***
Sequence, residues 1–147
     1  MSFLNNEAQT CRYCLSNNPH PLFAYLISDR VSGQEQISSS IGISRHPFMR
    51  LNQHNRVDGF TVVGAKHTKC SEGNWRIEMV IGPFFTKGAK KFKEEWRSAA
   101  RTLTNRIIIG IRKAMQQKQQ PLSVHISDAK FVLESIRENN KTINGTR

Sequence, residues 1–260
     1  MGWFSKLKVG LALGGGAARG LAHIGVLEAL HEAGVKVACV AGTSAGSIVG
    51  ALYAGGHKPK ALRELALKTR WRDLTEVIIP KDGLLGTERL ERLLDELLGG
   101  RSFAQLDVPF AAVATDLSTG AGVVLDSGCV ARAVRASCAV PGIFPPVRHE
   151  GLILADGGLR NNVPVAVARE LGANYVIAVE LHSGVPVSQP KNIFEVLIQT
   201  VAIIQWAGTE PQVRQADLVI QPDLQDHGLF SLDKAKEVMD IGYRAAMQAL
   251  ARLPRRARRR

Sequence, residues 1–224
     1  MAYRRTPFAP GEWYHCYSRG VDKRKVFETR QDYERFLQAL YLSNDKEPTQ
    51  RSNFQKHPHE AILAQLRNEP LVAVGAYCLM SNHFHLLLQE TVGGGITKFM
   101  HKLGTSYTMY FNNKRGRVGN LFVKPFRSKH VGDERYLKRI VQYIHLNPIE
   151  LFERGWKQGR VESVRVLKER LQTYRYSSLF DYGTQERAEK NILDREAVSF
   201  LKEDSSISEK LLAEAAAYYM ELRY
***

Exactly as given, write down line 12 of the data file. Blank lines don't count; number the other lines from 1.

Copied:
Sequence, residues 1–224